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simple file compression program

 
 
sophia
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Posts: n/a
 
      03-26-2008
Dear all,

the following is the file compression program ,using elimination of
spaces, which I saw in a book

#include<stdio.h>
#include<stdlib.h>

int main(int argc,char * argv[])
{

FILE* fs,*ft;

fs = fopen(argv[1],"r");
if(fs == NULL)
{
printf("\n Cannot open the file %s",argv[1]);
exit(1);
}

ft = fopen(argv[2],"w");
if(fs == NULL)
{
printf("\n Cannot open the file %s",argv[2]);
exit(1);
}

while( (ch=fgetc(fs)) != EOF)
{

if(ch == 32)
{
if( (ch=fgetc(fs)) != EOF)
fputc(ch+127,ft);
}
else
fputc(ch,ft);

}

fclose(fs);
fclose(ft);

return EXIT_SUCCESS;
}

Now my questions are as as follows

1) Is there any other simpler method to compress text files, similar
to the above program(Other than standard algorithms like huffman,LZW)
 
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mstorkamp@yahoo.com
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Posts: n/a
 
      03-26-2008
On Mar 26, 3:09 pm, sophia <(E-Mail Removed)> wrote:
> if(ch == 32)
> {
> if( (ch=fgetc(fs)) != EOF)
> fputc(ch+127,ft);
> }
> else
> fputc(ch,ft);


What happens when the character represented by the value 32 is the
last character in the file? You are not writing any representation of
that character to your output file. You will not be able to recreate
your source file.

> Now my questions are as as follows
>
> 1) Is there any other simpler method to compress text files, similar
> to the above program(Other than standard algorithms like huffman,LZW)


yes. Not really a C issue however. First define what you mean by 'text
file', then devise a way of mapping the (smaller) domain of your text
file into the (larger) domain of an unsigned char. And don't forget to
open your destination file for binary access.
 
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Walter Roberson
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Posts: n/a
 
      03-26-2008
In article <(E-Mail Removed)>,
sophia <(E-Mail Removed)> wrote:

>the following is the file compression program ,using elimination of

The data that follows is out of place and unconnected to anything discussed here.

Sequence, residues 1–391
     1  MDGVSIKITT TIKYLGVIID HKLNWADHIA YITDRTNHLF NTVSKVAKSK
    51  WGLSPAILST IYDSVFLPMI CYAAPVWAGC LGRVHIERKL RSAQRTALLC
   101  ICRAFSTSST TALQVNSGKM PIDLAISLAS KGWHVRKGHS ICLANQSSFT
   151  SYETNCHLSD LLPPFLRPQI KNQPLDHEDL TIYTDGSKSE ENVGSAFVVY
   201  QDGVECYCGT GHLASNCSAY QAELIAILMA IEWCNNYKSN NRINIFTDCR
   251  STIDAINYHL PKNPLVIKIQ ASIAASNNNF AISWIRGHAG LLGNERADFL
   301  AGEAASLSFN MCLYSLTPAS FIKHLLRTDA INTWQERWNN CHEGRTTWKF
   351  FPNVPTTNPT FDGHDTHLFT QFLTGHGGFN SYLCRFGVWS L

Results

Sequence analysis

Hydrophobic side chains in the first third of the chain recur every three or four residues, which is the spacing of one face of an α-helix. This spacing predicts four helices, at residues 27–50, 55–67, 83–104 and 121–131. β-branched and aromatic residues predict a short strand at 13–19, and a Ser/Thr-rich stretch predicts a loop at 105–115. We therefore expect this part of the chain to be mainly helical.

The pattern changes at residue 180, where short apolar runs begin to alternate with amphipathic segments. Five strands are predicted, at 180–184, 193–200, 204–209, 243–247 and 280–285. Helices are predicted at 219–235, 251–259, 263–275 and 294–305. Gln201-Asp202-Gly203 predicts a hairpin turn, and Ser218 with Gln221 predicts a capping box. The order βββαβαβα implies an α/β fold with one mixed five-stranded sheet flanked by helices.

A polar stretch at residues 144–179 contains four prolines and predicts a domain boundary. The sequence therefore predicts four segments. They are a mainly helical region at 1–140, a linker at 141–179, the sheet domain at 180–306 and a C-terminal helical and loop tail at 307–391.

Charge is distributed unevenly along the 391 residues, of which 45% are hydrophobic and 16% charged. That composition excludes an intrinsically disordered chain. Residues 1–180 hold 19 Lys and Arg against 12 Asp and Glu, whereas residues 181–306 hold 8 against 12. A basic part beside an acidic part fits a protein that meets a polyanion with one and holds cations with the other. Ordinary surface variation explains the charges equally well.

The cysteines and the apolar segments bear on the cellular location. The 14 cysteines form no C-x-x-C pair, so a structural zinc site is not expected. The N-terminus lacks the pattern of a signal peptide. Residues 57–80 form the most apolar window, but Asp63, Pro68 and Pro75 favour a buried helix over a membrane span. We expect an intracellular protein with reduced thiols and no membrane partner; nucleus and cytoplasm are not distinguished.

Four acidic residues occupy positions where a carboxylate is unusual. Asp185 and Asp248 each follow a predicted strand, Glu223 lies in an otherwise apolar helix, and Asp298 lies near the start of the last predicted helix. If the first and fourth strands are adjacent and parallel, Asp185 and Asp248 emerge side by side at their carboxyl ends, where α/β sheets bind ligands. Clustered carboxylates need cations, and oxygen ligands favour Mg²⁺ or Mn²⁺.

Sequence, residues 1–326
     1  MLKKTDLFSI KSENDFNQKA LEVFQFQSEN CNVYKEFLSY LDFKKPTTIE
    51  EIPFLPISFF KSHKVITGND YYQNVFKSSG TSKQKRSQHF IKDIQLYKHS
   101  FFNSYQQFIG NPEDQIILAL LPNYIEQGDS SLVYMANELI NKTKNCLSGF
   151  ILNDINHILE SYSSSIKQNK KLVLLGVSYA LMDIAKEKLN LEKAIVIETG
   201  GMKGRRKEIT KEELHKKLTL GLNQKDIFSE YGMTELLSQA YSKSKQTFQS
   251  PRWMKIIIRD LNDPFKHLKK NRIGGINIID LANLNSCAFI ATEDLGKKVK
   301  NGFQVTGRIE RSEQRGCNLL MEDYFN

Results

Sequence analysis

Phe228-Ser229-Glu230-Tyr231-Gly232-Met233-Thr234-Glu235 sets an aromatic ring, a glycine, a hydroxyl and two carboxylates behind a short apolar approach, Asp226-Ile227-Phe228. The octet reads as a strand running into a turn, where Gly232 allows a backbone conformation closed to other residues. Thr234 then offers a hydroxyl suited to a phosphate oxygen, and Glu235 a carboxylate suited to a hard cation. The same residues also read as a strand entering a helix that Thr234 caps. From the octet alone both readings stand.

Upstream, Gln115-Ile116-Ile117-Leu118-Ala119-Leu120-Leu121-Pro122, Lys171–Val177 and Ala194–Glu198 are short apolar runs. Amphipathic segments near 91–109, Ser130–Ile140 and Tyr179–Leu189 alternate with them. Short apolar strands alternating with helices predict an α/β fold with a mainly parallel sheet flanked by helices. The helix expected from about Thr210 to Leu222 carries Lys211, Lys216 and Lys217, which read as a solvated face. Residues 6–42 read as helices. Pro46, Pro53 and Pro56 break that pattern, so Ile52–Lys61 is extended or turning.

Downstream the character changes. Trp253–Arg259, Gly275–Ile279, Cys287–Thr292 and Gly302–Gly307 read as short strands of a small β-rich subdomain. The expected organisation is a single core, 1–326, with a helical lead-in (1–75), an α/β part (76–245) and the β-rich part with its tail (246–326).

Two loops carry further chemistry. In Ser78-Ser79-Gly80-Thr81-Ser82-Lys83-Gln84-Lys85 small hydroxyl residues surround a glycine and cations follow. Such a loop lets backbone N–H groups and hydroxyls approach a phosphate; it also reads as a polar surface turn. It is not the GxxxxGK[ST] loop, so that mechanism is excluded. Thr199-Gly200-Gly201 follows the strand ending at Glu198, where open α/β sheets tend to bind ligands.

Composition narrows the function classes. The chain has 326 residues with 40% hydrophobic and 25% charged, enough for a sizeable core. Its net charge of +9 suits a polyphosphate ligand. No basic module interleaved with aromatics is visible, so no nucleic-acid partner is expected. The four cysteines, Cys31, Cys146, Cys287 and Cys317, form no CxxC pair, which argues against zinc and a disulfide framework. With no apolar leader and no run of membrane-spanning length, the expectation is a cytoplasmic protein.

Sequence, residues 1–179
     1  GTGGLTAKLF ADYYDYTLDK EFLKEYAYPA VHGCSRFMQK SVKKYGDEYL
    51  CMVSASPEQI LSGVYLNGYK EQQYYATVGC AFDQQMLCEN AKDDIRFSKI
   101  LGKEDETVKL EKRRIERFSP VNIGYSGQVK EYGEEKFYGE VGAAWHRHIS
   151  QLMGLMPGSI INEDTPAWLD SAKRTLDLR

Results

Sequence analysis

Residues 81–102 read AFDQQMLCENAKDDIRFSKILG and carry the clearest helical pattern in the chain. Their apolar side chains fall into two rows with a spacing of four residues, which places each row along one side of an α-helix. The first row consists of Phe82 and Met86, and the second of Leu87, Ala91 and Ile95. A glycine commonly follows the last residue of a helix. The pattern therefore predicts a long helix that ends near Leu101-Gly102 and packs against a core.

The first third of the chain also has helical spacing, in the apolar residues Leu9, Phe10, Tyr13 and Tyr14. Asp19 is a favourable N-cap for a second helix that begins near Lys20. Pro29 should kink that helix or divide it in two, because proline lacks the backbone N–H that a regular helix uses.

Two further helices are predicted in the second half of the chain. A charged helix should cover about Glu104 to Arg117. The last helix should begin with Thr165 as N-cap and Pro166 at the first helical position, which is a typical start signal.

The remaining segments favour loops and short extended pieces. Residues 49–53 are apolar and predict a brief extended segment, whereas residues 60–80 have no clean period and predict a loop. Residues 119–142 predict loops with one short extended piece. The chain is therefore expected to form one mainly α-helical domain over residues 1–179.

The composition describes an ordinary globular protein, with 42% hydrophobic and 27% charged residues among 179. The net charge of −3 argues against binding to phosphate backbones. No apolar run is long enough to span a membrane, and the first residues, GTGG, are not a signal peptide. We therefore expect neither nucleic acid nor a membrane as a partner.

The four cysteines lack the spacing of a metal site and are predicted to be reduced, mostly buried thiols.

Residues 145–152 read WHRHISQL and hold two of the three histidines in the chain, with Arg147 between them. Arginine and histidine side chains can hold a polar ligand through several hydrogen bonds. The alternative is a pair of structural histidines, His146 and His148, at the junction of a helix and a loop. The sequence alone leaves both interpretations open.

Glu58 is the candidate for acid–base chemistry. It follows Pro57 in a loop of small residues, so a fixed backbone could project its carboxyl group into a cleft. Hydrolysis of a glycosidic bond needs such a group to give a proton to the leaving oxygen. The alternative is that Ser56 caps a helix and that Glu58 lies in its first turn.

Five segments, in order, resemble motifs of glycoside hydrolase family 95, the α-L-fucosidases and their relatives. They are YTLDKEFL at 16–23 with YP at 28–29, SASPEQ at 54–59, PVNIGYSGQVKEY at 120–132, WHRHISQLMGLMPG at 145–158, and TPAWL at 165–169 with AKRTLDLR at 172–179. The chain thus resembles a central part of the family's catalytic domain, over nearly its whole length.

>spaces, which I saw in a book
>
>#include<stdio.h>
>#include<stdlib.h>
>
>int main(int argc,char * argv[])
>{
>
> FILE* fs,*ft;
>
> fs = fopen(argv[1],"r");
> if(fs == NULL)
> {
> printf("\n Cannot open the file %s",argv[1]);


You are not outputing a \n as the last character. It is
implementation defined at to whether the last output line will
appear in such a case (and it is also possible that it will appear
but then be immediately overwritten by the next shell prompt, making
it seem that it did not appear.)

Error messages are better output to stderr.

> exit(1);


exit(1) does not have a defined effect. The arguments
with defined meaning are 0, EXIT_SUCCESS and EXIT_FAILURE

> }
>
> ft = fopen(argv[2],"w");
> if(fs == NULL)
> {
> printf("\n Cannot open the file %s",argv[2]);
> exit(1);
> }
>
>while( (ch=fgetc(fs)) != EOF)


You have not declared ch by this point. The exact definition of ch
is important to the program. For example, if it were declared as
'char' and 'char' happened to be unsigned on that system, then
it would not be possible for ch to compare equal to EOF, which is
always negative.

>{
>
> if(ch == 32)


What is 32? If you mean a space, code a space, ' ' . The numerical
values of particular characters are not specified in C.

> {
> if( (ch=fgetc(fs)) != EOF)
> fputc(ch+127,ft);


As the character set representation is not specified by C, it
is possible that ch+127 is a valid character in the character set.

If the file ends in a 32 then that trailing 32 will be lost with
your logic.

I note that you do not open the file in binary mode. It could
happen that in the input, there were often space characters immediately
proceeding end-of-line indicators. The end of line indicators would
be read as '\n' and that '\n' would be transformed by your compressor
to '\n'+127 which is unlikely to be an end of line indicator. You
could thus end up with output lines that exceeded the maximum text
output line size supported by the implementation. You could also
potentially happen upon characters for which the character + 127
came out as '\n', thus introducing an end of line where there was none
before.

> }
> else
> fputc(ch,ft);
>
>}
>
> fclose(fs);
> fclose(ft);
>
> return EXIT_SUCCESS;
>}



>Now my questions are as as follows
>
>1) Is there any other simpler method to compress text files, similar